Plan Spartanburg… for Your Future
On Sunday, September 20, 2020, Mary Black Foundation Board of Trustees member Karen Calhoun published an opinion article to the Spartanburg Herald Journal about the City of Spartanburg’s updates to its comprehensive plan. You can read the full article below.
From now until the end of October, the City of Spartanburg is embarking on a process to update its comprehensive plan, which is a policy document that details the City’s long-term vision and goals. More importantly, it outlines the steps necessary to achieve the goals and guides the City’s growth and development. The plan is long range in scope – usually 20-30 years – and focuses on the ultimate needs of the community. The City’s current plan was adopted in 2004 so it’s time to review and update it to ensure it still reflects the vision residents have for the community.
As a life-long resident and business leader working with many companies throughout Spartanburg as a partner at McMillan Pazdan Smith Architecture, I am excited to see the City begin this process. The more people who engage in the planning process, the better the outcome will be. The City will use the plan document to set goals for our future, so we need to provide thoughts about what we value most and where we see opportunities for growth, change, or improvement.
Focus on Equity
As a board member of the Mary Black Foundation, I am glad to see the City’s focus on equity. The Mary Black Foundation invests in people and communities for improved health, wellness, and success. We believe that all people should have access to opportunities to thrive and no one should be limited in achieving health and wellness because of who they are or where they live. We also recognize that many factors combine to affect an individual’s health. Whether people are healthy or not, is often determined by their circumstances and by the environment of where they live.
Social, physical, and economic characteristics of neighborhoods have been shown to affect health and longevity. A neighborhood can promote health by providing places for children to play and for adults to exercise that are free from crime, violence and pollution. Access to grocery stores selling fresh produce—as well as having fewer neighborhood liquor stores and fast food outlets—can make it easier for families to find and make healthy choices. Social and economic conditions in neighborhoods that improve health include employment opportunities, efficient public transportation, an effective police force, and good schools.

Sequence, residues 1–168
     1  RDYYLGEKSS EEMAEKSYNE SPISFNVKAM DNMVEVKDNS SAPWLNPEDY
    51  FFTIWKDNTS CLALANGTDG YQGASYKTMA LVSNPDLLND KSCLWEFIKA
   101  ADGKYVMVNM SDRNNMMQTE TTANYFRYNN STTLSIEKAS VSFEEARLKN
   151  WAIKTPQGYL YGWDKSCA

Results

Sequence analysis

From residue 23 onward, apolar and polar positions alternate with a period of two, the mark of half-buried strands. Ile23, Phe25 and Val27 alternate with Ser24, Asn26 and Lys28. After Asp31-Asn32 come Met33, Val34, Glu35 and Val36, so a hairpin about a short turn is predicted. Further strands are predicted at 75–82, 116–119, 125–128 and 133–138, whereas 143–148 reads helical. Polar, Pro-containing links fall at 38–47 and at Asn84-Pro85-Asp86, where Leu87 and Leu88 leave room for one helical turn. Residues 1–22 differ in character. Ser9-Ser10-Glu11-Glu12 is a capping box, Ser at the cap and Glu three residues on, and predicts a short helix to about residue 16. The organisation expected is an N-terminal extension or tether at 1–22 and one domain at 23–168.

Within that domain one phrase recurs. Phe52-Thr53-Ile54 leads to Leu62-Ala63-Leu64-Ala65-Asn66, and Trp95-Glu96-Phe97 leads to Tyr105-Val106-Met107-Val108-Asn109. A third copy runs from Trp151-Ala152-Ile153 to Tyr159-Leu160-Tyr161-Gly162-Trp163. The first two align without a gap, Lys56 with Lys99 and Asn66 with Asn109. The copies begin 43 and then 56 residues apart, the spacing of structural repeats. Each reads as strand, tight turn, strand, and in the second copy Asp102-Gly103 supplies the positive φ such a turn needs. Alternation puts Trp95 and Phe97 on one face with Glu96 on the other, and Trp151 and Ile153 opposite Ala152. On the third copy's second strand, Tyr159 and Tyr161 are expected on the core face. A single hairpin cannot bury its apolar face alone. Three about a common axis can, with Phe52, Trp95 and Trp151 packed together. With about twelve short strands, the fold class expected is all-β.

Not all neighborhoods enjoy these opportunities and resources and, unfortunately, we see the inequitable outcomes that are the result. Many of our neighborhoods that have been traditionally under resourced, are the same neighborhoods that experience higher rates of infant mortality, childhood obesity, diabetes, and other health conditions. In fact, the life expectancy in some City neighborhoods is 17 years less than in nearby, more resourced neighborhoods. In our City, where we live should not determine how long or how well we live.
For Spartanburg to be the best it can be, we need to ensure all people can thrive. When we don’t, there’s a ripple effect and the entire community isn’t as strong as it could be. Participating in the planning process is one way that all people can contribute to our future health, wellness, and success.
How to Participate in the Planning
There are a number of ways you can share your thoughts. There will be small group meetings where you can gather with neighbors and talk together about what you’d like to see included in the plan, the City will host a planning workshop, or you can share your ideas online. Visit www.planspartanburg.com for more information about events and to provide your input and feedback. Whether you care about access to recreation facilities, like trails and parks, affordable housing, downtown business, public transportation, or other services, the City needs to hear from you. Together, we will plan for Spartanburg and our future.